The victim survived, but her husband was on the run. The staff at the Dallas shelter advised them to leave, saying it was not safe for them to stay in Texas.
“I had no idea where to go,” Vicky remembers. “They pull out this map, and I just started to cry. And for whatever reason, D.J. says, ‘Don’t worry, Mom, we’re going right here.’ And he points to Little Rock… He had no reason for it; he was 11. He’ll tell you God led his finger there.”
With an old car given to them by her mother, Vicky drove her two younger children to Little Rock. There, they found shelter at Women and Children First (WCF).
Established in 1978, WCF is the first and foremost domestic violence social service agency in Central Arkansas. And it saved Vicky’s life.
“They had counseling for the kids. They had counseling for me,” she says. “They gave us direction. They let us heal for a couple of days, but they made sure we got our stuff in gear. It really helped me believe I can do this all on my own.”
Cathy Browne serves as chair of the WCF Board of Directors. “Our mission has always been to provide a safe haven for women and children, and even men, who are in crisis,” Browne says.
When a victim of abuse comes to WCF, they are connected with experienced counselors. “Through this process, we want to show them that we can help,” Browne adds. “There is light at the end of the tunnel. We’re not just keeping them safe, we’re giving them hope, showing them there is a way out.”
WCF helps victims find jobs and transitional housing. With the help of a dedicated court advocate, the organization helps victims obtain orders of protection against their abuser. Last year, the WCF court advocate processed more than 800 orders of protection in Pulaski County, according to Browne. “The problem is huge.”
For Browne, one of their biggest challenges is getting the word out about the organization, showing victims there are options available.
Vicky agrees. “I think the biggest thing is that women don’t realize they have options,” she says. “You’re embarrassed. You don’t want to tell people. And that’s a mistake.
“The biggest mistake a lot of women make is staying because they think they’re protecting their children,” says Vicky. “I thought this was just happening to me. I thought I needed to keep them in their home.”
Times may have been tough for the Williams family when they settled into Little Rock, but thanks to WCF, they were safe. They felt loved, and they were happy. Vicky found a job. On pay days, she took the kids to a used CD store and let them pick one out.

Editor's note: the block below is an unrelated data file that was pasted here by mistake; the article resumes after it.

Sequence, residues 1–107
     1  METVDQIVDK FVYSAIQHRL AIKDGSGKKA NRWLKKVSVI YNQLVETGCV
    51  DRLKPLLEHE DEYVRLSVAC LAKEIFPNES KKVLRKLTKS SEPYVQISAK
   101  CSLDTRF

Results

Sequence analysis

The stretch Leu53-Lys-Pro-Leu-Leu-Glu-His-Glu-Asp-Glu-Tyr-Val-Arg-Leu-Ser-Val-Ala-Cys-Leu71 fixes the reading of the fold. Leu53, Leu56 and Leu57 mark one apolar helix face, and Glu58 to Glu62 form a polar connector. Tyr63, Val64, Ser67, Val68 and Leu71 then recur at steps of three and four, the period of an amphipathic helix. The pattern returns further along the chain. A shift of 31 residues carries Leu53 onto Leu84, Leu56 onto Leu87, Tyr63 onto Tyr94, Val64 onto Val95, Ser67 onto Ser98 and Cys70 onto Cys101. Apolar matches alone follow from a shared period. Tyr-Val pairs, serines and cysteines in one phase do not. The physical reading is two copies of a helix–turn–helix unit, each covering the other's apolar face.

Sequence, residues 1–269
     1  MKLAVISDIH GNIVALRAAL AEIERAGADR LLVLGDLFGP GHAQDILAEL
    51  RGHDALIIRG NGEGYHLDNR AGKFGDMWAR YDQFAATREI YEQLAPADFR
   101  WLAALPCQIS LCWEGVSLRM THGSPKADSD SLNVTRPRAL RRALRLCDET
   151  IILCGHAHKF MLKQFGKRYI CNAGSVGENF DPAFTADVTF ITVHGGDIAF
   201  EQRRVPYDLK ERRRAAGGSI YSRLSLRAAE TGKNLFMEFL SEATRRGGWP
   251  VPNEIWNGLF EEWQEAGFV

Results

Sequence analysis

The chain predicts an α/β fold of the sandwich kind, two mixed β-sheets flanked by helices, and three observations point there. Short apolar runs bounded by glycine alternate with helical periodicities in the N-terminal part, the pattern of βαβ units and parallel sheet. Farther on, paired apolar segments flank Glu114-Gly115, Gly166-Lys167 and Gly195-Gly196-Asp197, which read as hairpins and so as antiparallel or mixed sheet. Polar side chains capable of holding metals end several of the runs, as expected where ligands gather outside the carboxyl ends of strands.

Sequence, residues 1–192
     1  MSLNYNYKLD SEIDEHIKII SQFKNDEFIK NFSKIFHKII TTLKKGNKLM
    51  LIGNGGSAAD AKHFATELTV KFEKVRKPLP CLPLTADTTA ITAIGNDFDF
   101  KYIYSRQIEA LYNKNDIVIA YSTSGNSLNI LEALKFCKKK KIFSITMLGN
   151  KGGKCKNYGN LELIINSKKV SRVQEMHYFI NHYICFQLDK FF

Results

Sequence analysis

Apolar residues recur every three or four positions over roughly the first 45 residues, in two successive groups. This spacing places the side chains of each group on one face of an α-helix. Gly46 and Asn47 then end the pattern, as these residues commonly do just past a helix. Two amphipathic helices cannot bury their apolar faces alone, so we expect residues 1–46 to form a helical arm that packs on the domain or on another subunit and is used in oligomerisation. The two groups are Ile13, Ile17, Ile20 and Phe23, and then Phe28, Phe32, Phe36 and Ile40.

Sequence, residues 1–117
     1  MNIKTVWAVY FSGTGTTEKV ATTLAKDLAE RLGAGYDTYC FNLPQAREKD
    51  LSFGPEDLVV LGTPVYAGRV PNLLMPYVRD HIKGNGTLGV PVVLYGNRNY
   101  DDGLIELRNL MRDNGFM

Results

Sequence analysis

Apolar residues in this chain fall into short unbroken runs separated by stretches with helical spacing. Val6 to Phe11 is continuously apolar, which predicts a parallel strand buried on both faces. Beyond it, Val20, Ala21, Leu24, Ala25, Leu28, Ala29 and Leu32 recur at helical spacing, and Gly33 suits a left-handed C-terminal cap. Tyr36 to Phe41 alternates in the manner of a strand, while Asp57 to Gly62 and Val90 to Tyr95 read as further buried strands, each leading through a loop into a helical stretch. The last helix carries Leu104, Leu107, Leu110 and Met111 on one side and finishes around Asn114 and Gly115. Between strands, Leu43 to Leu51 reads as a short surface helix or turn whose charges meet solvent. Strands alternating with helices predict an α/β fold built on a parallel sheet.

For D.J., coming to WCF meant getting to feel like a kid again. As an adult, he encourages victims to look past the negative connotations they might have of shelters.
“You can’t let that creep into your mindset,” he says. “For us, we had a spacious home. But there was someone there we were scared of 24/7… Ultimately, the most important thing the shelter provided us with was the feeling that we were safe.”
While making that leap may be scary, he says it’s critical for a victim to put their life on track. “You can stay in a house where you’re not sure your husband is going to beat you or not,” D.J. says. “Or, you can focus on what’s really important and start building a better future. I’m super happy my mom did it… I was happy she felt safe.”
Though they’re older now, with families of their own, Vicky’s daughters remember the abuse, too. And they offer advice to children who have found themselves in a similar situation.
Vanessa, Vicky’s youngest daughter, encourages children to let their parent know how staying affects the whole family.
“Be vocal,” she says. “Express how you feel about the situation to the parent. I didn’t do that as a child, and my mom thought she was doing us a favor by staying. Without even realizing it, she was doing more damage to us, her children, then she would have by leaving.”
Valerie, the eldest, says children need to let others know about what’s going on inside the home, too.
“Tell somebody until somebody listens,” she says. “That’s what you do. As a kid, you’re stuck. You want to get away, but you can’t. You have no control. The victim isn’t going to tell somebody because there are repercussions. But that’s the only way.”
And WCF is there to listen. Their crisis line – (800) 332-4443 – is open 24 hours a day, 365 days a year. In 2017, the organization answered more than 8,250 calls, provided emergency shelter to more than 660 adults and children and helped more than 25 families move into transitional housing.
In 1999, WCF helped the Williams family put the pieces of their life back together. Vicky’s children, who had at one time contemplated suicide, are successful and actively give back to the shelters in their communities. She gleams just talking about them. Valerie holds fashion show fundraisers benefiting the shelter near her Texas home. Vanessa and her husband host a 5K each year in Jonesboro to raise awareness and funding for domestic violence programs. D.J. uses his statewide fame as former Razorback and Green Bay Packer football star to promote fundraisers for WCF in Little Rock.
The largest of those fundraisers is the annual Woman of the Year Gala, which will be held on Jan. 20, at the Marriott Grand Ballroom, in Little Rock. This year’s honoree is Rev. Betsy Singleton Snyder.
Individual tickets are $300, and tables of 10 are $3,000. The funds raised during the event will aid WCF’s efforts throughout the year.